Category Archives: socializing

Welcome to the Program, Shall We Start in the Kitchen?

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Photo by Chris Maggiolo

By Sarah McKeen

Maybe it was the wine or the fact that Boston decided to bless us with a rare evening above freezing. Regardless, the warmth was felt all around on the evening of January 13. Orientation for all incoming Gastronomy students began at 5 pm with an introduction by Professor Rachel Black who promised to keep the “boring” information to a minimum. She spoke for about an hour on BU basics and housekeeping matters, as well as provided a brief overview of some of the offerings of the Gastronomy program, which included classes, outside lectures, social gatherings, and volunteer opportunities. Needless to say, no one was “bored” with the forthcoming excitement of being a part of this quest for food knowledge. We were, however, all eager to get into the kitchen to make a delicious meal.

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Photos by Chris Maggiolo

Led by a team of current students, us newbies were divided into groups to prepare various components of the meal. The three groups consisted of a kale pesto and sausage pasta team; an arugula, blood orange, and avocado salad team; and a chocolate-dipped coconut macaroon team. We all donned our aprons, rolled up our sleeves, and dug our hands into fresh ingredients to prepare the feast. The various aromas coming from each corner of the kitchen mingled in the air above as the new students got to know each other. About one hour later, the salad was piled high atop a fanning bed of avocado, the pasta was steaming in a bowl fit for an army, and the macaroons were perfectly coated with shiny chocolate.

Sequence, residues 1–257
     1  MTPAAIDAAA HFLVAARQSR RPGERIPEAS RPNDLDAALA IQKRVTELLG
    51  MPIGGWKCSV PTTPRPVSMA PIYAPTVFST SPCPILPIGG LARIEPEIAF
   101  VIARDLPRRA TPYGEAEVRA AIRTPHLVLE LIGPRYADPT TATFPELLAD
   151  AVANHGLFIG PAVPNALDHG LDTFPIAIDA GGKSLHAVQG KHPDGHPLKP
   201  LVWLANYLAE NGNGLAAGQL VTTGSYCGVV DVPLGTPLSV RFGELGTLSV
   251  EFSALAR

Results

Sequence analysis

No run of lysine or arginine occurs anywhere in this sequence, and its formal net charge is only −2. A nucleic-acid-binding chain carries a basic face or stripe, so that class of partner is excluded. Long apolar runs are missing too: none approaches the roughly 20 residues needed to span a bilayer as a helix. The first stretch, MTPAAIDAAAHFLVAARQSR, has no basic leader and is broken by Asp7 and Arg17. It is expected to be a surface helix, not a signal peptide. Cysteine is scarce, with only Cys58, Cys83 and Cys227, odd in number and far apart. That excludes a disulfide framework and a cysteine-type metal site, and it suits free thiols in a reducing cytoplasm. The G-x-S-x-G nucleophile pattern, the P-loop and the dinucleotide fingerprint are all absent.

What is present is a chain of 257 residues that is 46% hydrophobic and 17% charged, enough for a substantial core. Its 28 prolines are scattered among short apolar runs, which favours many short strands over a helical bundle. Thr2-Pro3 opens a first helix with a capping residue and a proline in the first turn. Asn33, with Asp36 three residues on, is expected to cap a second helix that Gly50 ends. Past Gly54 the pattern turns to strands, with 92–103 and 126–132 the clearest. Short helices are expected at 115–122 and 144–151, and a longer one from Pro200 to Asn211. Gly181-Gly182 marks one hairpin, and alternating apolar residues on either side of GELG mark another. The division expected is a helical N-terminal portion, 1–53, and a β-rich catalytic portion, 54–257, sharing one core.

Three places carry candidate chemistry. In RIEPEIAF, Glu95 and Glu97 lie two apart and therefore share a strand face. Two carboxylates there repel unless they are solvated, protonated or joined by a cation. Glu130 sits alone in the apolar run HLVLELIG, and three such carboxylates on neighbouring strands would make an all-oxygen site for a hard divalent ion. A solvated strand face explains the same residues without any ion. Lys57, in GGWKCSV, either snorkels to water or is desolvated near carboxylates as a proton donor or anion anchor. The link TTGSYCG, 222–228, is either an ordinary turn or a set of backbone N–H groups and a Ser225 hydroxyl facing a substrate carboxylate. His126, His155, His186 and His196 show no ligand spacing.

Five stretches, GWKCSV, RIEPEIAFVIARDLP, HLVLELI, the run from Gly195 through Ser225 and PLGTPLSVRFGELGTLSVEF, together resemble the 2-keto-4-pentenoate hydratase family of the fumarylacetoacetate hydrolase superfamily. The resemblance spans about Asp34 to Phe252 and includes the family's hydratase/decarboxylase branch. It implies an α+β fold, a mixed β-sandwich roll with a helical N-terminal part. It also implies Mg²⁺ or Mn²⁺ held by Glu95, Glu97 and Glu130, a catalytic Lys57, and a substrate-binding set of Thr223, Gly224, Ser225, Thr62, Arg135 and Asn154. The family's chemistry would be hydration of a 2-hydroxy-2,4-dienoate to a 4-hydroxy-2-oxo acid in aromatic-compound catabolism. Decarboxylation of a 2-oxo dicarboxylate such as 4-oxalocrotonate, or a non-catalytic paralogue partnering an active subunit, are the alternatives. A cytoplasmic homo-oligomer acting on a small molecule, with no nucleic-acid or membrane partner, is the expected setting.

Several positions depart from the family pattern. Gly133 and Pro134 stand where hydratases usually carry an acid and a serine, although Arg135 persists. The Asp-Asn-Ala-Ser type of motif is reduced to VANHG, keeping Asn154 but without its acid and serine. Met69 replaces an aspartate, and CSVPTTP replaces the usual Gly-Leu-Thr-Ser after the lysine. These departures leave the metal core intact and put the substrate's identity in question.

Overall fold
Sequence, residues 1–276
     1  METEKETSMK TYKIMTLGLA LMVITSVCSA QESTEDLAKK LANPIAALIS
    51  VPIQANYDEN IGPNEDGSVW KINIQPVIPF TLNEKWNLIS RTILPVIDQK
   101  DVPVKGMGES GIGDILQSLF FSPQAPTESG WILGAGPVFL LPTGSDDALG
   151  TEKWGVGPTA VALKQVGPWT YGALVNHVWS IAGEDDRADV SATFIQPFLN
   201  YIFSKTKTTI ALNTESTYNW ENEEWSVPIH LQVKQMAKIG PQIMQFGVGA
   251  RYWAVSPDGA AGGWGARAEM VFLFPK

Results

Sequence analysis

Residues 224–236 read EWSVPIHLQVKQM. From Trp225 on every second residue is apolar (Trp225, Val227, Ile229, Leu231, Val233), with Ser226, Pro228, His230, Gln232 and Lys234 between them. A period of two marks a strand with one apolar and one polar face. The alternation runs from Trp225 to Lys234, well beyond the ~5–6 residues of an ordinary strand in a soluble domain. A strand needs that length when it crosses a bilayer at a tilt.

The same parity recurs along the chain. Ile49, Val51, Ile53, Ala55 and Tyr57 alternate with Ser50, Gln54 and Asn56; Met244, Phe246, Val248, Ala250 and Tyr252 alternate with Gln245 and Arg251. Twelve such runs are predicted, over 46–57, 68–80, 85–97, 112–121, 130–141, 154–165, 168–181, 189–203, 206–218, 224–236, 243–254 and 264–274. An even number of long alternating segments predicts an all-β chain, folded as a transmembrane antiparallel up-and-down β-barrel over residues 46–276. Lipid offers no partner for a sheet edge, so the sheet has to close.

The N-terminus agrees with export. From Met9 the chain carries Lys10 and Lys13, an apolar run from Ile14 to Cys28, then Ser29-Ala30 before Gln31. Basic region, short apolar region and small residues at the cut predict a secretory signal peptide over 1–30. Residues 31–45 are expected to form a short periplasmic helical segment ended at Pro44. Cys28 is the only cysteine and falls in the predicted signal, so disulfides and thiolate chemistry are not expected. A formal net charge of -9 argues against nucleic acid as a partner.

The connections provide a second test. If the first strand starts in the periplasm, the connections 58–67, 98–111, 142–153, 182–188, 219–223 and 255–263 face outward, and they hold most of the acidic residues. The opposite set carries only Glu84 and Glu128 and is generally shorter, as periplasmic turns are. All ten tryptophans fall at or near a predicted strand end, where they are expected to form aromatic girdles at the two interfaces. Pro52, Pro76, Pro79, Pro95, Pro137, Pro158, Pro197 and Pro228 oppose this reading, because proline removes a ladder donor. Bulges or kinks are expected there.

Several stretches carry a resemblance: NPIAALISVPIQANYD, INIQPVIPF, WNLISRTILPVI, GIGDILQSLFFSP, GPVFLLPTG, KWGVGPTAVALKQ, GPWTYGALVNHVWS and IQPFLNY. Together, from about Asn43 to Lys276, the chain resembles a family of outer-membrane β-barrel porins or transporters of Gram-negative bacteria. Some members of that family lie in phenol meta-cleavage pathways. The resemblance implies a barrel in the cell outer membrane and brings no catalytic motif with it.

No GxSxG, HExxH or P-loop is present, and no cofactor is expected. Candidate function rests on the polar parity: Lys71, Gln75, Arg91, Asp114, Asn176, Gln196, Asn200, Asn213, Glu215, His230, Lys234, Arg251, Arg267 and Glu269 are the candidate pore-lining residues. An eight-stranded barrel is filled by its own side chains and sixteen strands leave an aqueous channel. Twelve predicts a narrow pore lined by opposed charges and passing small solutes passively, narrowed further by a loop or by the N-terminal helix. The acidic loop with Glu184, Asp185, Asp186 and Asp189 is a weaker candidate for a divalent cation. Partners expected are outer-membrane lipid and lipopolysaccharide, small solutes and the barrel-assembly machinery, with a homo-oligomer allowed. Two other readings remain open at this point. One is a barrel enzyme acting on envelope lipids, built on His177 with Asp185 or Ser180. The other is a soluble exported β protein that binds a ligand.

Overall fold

Photo by Chris Maggiolo

Photo by Chris Maggiolo

We all came together at a long table in the kitchen classroom, set with wine and sparkling water. Plates were filled with the scrumptious offerings as students continued to share their stories of how they came to join the Gastronomy program. Joined by not only Rachel Black, but also Netta Davis, Barbara Rotger, and many current students, the new students delighted in hearing about classes, research projects, and personal stories. As conversations shifted from hometown to current jobs, the wine slowly depleted and belts grew a little tighter. Professor Black led us in a toast to the successful meal and the excitement of our future successes in and outside of the classroom. The evening meandered to a close and the students parted ways with both their minds and stomachs excited for what the next two years have to offer.

Sarah McKeen is a Boston native who has studied Gastronomy at BU since 2014. Her focus is on entrepreneurship, technology, and culinary tourism.

Photo by Chris Maggiolo

Photo by Chris Maggiolo

 

BU Gastronomy Joins Instagram

Well, we’ve gone and done it. First it was Facebook, then Twitter, and now we’ve joined the ranks of millions and signed up for an Instagram account to share all the food related photos we take throughout the year. We hope to include visuals from things like Gastronomy events, guest speaker seminars, get togethers, field trips, and, of course, all the wonderful snacks our students share in class. Follow along and be sure to share your own BU food adventures with us by tagging our instagram handle bugastronomy or using the hashtag #bugastronomy.

Here’s our first instagram!:

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While we work on uploading all the deets and eats that go on in the program, check out a few of the following instagrammers and their own food-filled feeds: